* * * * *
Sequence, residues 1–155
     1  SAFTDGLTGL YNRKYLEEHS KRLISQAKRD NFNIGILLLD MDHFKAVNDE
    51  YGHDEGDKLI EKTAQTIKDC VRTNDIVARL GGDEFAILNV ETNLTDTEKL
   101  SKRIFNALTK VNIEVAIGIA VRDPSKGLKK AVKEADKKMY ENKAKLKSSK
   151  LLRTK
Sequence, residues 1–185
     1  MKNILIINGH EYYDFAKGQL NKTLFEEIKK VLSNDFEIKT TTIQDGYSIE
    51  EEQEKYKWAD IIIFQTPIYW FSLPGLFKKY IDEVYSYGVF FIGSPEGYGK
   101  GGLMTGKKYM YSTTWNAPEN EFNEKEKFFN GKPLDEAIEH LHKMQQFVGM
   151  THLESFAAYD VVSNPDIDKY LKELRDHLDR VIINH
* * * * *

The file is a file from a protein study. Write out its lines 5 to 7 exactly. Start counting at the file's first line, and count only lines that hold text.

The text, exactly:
   151  LLRTK
Sequence, residues 1–185
     1  MKNILIINGH EYYDFAKGQL NKTLFEEIKK VLSNDFEIKT TTIQDGYSIE